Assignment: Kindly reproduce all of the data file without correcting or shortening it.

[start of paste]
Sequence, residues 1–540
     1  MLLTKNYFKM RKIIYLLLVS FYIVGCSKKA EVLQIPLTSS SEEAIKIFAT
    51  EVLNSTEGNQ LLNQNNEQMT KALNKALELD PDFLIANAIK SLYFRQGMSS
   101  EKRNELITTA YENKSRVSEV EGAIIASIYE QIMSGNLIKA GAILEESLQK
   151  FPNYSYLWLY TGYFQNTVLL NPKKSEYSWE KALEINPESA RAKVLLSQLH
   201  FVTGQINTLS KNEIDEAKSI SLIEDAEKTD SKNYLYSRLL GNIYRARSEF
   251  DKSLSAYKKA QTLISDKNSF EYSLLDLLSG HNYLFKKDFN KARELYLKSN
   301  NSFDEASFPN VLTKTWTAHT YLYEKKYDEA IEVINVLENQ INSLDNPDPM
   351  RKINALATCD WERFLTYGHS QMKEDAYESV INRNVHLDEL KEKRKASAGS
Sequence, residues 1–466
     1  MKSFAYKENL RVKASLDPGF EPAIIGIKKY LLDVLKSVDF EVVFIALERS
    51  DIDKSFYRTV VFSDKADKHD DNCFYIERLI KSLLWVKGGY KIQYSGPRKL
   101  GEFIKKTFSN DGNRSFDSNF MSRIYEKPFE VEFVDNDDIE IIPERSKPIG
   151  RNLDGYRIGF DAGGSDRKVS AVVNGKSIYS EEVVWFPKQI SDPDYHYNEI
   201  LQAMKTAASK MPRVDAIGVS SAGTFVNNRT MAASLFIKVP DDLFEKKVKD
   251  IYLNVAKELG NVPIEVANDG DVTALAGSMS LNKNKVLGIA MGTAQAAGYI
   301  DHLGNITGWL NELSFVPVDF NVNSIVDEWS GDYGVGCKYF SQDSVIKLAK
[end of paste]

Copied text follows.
Sequence, residues 1–540
     1  MLLTKNYFKM RKIIYLLLVS FYIVGCSKKA EVLQIPLTSS SEEAIKIFAT
    51  EVLNSTEGNQ LLNQNNEQMT KALNKALELD PDFLIANAIK SLYFRQGMSS
   101  EKRNELITTA YENKSRVSEV EGAIIASIYE QIMSGNLIKA GAILEESLQK
   151  FPNYSYLWLY TGYFQNTVLL NPKKSEYSWE KALEINPESA RAKVLLSQLH
   201  FVTGQINTLS KNEIDEAKSI SLIEDAEKTD SKNYLYSRLL GNIYRARSEF
   251  DKSLSAYKKA QTLISDKNSF EYSLLDLLSG HNYLFKKDFN KARELYLKSN
   301  NSFDEASFPN VLTKTWTAHT YLYEKKYDEA IEVINVLENQ INSLDNPDPM
   351  RKINALATCD WERFLTYGHS QMKEDAYESV INRNVHLDEL KEKRKASAGS
Sequence, residues 1–466
     1  MKSFAYKENL RVKASLDPGF EPAIIGIKKY LLDVLKSVDF EVVFIALERS
    51  DIDKSFYRTV VFSDKADKHD DNCFYIERLI KSLLWVKGGY KIQYSGPRKL
   101  GEFIKKTFSN DGNRSFDSNF MSRIYEKPFE VEFVDNDDIE IIPERSKPIG
   151  RNLDGYRIGF DAGGSDRKVS AVVNGKSIYS EEVVWFPKQI SDPDYHYNEI
   201  LQAMKTAASK MPRVDAIGVS SAGTFVNNRT MAASLFIKVP DDLFEKKVKD
   251  IYLNVAKELG NVPIEVANDG DVTALAGSMS LNKNKVLGIA MGTAQAAGYI
   301  DHLGNITGWL NELSFVPVDF NVNSIVDEWS GDYGVGCKYF SQDSVIKLAK